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I am currently a freshman at an American university double majoring in CS and Econ. There is one professor in my university that I am looking to work with, as his main research focus is algorithmic game theory, something that for obvious reasons holds great interest to me.

However, I do recognize that it would be difficult for me to keep pace with his research, being highly theoretical in nature. However, I have written to him multiple time about meeting with me for a few minutes to talk about his research or to advise me about what next steps I may take to best prepare myself for that kind of research with no response. I even tracked him down once, after the 1st email, and asked him about this, where he told me to email him as he is busy. However, it has been months without any reply.

I'm at a loss for what to do; what further steps can I take?

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    He might be blowing you off. He might get 1000 emails a day and yours gets lost. The clever approach is to find one of his PhD students and ask them about it. Your TAs would be surprisingly helpful if they don't dislike you. – user120011 Mar 31 at 4:13
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    I'm a little confused; I was reading up on this and came upon this post that details how this is a bad idea. Are you suggesting something different than what the linked post suggests against? – user760900 Mar 31 at 7:43
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    @user760900: Talking to a PhD student about doing research with their advisor, how they are to work with, good ways to contact them: fine. Involving the PhD student in your research project, or taking the PhD student as a de facto advisor in place of the professor: not fine. – Nate Eldredge Mar 31 at 13:09
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    I'm unclear what you actually want. Your title suggests working with him, but the body suggests you are looking for less than that, at least initially. It is likely that there is some sort of seminar series in the Department. If there is, go to any that are given by any members of his research group. That will expose you to their ideas and show you what they are working on. – JenB Apr 1 at 8:12
  • @JenB I mean the idea is to work with him, even if it takes a semester of doing less so that he may warm up to me – user760900 Apr 1 at 15:36
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Well, faculty-student research is a two-way street, and for whatever reason, it certainly doesn't sound like this professor is showing a lot of interest in working with you. This is not necessarily anything about you or your abilities; he may just be busy with other things, or not very interested in working with undergraduates in general, or too disorganized to keep track of potential research students. But any of those would suggest that this is not someone that would be a good research supervisor for you at this time.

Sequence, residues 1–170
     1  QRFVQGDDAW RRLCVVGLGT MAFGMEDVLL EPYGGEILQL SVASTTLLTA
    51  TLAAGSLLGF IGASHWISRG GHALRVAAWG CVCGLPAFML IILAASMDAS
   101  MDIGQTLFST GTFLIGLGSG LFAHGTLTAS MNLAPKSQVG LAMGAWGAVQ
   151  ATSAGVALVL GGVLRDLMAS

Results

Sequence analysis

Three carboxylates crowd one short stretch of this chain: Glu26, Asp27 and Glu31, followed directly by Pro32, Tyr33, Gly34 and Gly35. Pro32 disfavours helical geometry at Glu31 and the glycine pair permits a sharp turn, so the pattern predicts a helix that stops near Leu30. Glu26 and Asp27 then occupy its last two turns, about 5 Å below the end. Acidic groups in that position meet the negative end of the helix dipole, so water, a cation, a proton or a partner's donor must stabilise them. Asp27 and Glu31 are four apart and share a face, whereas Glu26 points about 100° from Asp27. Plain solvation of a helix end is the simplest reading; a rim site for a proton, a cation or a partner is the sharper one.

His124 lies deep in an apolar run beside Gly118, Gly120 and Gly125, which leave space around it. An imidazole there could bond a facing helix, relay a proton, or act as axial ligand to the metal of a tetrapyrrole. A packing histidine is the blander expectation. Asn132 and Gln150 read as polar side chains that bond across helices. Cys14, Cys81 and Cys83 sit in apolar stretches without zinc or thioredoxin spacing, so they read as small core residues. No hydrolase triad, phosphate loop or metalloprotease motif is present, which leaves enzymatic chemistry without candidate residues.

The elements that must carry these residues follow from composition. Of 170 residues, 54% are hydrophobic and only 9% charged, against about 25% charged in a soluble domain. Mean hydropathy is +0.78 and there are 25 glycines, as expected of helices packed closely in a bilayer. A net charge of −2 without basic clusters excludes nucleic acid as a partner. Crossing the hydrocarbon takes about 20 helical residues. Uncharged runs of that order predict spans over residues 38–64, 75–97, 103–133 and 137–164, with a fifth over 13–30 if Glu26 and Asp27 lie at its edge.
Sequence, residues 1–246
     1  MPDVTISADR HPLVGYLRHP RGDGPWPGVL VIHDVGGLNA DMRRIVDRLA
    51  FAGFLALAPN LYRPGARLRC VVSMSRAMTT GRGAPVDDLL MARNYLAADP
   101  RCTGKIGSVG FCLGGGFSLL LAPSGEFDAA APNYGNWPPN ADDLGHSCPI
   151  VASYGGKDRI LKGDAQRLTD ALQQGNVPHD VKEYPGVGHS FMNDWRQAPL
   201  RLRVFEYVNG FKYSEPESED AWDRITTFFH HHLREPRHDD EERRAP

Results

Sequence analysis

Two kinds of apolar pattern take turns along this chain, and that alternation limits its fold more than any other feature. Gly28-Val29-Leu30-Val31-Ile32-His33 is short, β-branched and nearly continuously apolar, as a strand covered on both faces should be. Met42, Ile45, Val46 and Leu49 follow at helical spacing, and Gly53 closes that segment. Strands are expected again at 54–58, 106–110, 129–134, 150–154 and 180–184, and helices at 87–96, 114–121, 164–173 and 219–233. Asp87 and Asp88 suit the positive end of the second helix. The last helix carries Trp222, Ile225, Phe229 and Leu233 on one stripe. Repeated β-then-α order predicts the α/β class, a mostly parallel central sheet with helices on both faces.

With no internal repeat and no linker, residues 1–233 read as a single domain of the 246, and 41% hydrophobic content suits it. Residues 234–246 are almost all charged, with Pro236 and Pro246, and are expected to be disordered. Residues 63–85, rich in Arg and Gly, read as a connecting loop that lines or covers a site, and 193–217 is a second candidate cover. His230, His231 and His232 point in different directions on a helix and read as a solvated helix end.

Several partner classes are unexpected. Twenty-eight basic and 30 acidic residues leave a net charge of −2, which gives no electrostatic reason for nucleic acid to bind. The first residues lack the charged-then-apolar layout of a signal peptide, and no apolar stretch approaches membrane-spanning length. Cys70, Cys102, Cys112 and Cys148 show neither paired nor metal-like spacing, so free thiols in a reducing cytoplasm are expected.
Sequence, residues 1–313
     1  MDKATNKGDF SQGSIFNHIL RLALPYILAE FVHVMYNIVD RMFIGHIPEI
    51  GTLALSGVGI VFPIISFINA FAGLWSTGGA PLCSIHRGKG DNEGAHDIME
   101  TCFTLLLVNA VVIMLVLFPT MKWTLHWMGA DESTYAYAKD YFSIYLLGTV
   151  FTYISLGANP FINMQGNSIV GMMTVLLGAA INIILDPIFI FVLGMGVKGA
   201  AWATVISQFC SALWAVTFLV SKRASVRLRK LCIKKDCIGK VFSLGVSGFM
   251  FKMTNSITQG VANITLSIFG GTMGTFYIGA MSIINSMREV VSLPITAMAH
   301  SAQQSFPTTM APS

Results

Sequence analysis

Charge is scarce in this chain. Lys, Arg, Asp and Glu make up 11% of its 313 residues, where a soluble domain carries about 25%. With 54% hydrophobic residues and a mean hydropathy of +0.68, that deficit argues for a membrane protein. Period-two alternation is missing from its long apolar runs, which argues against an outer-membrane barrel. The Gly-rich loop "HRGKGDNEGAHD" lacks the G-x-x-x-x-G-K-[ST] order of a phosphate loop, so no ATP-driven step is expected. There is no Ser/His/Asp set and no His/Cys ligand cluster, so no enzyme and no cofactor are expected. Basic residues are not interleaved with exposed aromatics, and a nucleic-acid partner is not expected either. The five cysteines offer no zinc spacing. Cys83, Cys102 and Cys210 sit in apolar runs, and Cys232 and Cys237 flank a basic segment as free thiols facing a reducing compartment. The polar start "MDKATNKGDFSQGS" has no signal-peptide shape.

If you did start a research project with this professor, you'd be counting on him for actual supervision: advice on what to learn and what to work on, feedback on your progress and on your products (papers, code, etc), availability to meet to help get you unstuck when you are stuck on a problem, signing necessary university paperwork, collaboration in writing and submitting papers if you get that far, and so on. You can see from many questions on this site how frustrating a research experience can be if this sort of support is not forthcoming, and it will be especially important in your case since it's apparently your first time getting involved in research. And the fact that he is already so unresponsive to something as simple as "I'd like to talk about research opportunities" is reason for serious concern that he'd be similarly unresponsive when you really need his participation.

I would suggest that, at least for now, you move on and look for research opportunities with other faculty members - ideally, someone with a record of working successfully with undergraduates, and who shows clear interest in working with you. I think these are more important than a perfect fit of research interests.

You have plenty of time to consider approaching this professor again in a year or two. In the meantime, you might try to talk to other students he's supervised (either undergraduate or graduate) and find out how the experience was. This may give you some ideas about how to get his attention more effectively, or it may convince you that you don't want to work with him at all.